Why Do Female Authors Dominate Young-Adult Fiction?

J.K. Rowling, Suzanne Collins, Harper Lee, and more: The genre is full of women storytellers.

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Reuters

Summer is a time for taking stock, for relaxing and recharging, and for intense Internet debate about whether Harry Potter, Katniss Everdeen, or Holden Caulfield reign supreme in the universe of teen fiction. NPR Books just released the results of its reader poll of the 100 Best-Ever Teen novels, with new classics Harry Potter and The Hunger Games topping the list. After painstakingly considering my own nominees, I was struck by the dominance of female authors on my short list, including: Harper Lee, Lucy Maud Montgomery, Suzanne Collins, J.K. Rowling, S.E. Hinton, Betty Smith, and Madeleine L'Engle.

I'm not alone in my regard for the great female storytellers of teen fiction. Nearly all of these authors appear on the NPR list. More than 75,000 votes were cast to cull the list of 235 finalists to the top 100. Also notable: Of those 235 titles, 147 (or 63 percent) were written by women—a parity that would seem like a minor miracle in some other genres. Female authors took the top three slots, and an approximately equal share of the top 100. As a comparison, you'd have to scroll all the way to number 20 on last summer's Top 100 Science-Fiction and Fantasy list to find a woman's name (Mary Wollstonecraft Shelley).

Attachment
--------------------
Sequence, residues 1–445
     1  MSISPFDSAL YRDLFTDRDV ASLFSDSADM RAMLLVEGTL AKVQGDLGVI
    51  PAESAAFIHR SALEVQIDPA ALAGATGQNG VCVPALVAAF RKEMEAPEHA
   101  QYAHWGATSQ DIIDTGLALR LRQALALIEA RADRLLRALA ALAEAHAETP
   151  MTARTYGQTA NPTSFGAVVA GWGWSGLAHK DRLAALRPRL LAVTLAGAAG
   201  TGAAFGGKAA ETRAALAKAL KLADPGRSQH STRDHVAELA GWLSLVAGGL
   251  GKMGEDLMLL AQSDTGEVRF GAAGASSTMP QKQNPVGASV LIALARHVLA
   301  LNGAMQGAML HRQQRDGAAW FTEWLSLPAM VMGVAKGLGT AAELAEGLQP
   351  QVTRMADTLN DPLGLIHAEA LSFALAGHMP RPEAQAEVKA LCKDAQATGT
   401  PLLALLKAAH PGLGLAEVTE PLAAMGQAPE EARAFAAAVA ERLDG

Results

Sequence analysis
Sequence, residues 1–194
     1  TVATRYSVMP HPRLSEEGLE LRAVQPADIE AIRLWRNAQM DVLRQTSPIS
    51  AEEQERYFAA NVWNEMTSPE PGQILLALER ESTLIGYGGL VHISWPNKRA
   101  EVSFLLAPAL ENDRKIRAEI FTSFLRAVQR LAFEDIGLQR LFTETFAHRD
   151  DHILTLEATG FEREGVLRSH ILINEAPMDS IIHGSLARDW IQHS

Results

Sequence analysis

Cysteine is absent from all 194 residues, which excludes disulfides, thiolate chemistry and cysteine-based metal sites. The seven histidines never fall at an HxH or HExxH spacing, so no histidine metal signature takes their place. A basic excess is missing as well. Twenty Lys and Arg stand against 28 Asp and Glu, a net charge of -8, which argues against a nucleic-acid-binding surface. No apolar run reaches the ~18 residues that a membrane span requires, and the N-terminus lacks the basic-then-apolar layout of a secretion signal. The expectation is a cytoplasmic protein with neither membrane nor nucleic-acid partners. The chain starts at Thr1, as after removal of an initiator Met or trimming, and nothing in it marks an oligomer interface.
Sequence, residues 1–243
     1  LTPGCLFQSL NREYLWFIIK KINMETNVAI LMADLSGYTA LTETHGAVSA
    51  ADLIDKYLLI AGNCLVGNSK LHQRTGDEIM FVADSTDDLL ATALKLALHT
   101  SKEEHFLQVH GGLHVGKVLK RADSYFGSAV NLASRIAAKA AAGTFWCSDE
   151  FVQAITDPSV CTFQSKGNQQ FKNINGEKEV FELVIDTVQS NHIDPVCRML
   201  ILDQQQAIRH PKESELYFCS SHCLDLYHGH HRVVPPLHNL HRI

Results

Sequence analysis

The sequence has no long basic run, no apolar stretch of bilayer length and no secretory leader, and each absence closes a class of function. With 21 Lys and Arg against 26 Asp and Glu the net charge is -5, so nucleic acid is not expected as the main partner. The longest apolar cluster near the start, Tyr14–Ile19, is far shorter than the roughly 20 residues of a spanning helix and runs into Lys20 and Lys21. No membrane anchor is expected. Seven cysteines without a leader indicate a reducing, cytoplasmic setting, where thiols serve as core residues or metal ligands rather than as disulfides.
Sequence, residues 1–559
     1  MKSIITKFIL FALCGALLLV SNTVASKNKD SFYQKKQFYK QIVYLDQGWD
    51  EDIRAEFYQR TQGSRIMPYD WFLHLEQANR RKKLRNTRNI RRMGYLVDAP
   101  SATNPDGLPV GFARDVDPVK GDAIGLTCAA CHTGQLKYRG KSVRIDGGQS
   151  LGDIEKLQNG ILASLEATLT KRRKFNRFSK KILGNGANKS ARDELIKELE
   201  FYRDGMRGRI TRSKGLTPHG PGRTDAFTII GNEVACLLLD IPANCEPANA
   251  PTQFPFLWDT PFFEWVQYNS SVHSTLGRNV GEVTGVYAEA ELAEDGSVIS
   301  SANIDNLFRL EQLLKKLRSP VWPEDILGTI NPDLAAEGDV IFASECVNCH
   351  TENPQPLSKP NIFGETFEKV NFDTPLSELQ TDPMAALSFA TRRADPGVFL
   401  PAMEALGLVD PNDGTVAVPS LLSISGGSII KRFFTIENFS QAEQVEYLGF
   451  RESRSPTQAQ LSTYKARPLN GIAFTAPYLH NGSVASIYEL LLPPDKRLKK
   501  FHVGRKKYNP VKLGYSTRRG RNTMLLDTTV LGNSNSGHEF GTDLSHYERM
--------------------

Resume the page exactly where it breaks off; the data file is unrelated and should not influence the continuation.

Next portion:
Although NPR Books called on an expert panel to weigh in on tricky questions of young-adult eligibility, the demographic breakdown of the finalist list was almost entirely driven by reader votes, according to Joe Matazzoni, NPR's senior supervising producer for Arts & Life.

"I think it speaks to readers' interests and it speaks to the nature of this field that it happened to come out that way," said Matazzoni, who also noted that the choices seemed to represent both the target teen demographic, as well as the adult readers that have fervently embraced YA lit. "It's an impressive show of enthusiasm."

If the results of the NPR poll are a reflection of the reading populace, the YA world is a place of relative harmony compared to the battle of the sexes being waged in adult fiction. After chick-lit purveyors Jennifer Weiner and Jodi Picoult raised the call about the disparity between books by male authors and books by female authors being reviewed in the New York Times Book Review, Ruth Franklin at The New Republic did her own analysis of the literary glass ceiling. The results are dismaying: after reviewing catalogs from 13 large and small publishing houses (and eliminating genre titles unlikely to be reviewed), she found that only one came close to gender parity, while the majority had 25 percent or fewer titles written by women.

Meanwhile, to the consternation of some men in the field, the YA genre tends to favor female authors and audiences. And at least commercially, teen fiction is crushing almost everyone else. Three of the biggest book-to-movie franchises of the last decade (Harry Potter, Twilight, The Hunger Games) are YA series penned by women. According to an annual report by the Association of American Publishers, Children's/YA ranked as the fastest growing category in publishing in 2011. While teen titles may never reach the upper echelons of critical adulation bestowed on the latest Jonathan Franzen novel, the phenomenal popularity makes it increasingly difficult to marginalize the genre.

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Meghan Lewit is a writer and editor based in New York. She has contributed arts and entertainment coverage to the L.A. Weekly, The Awl, and PopMatters.

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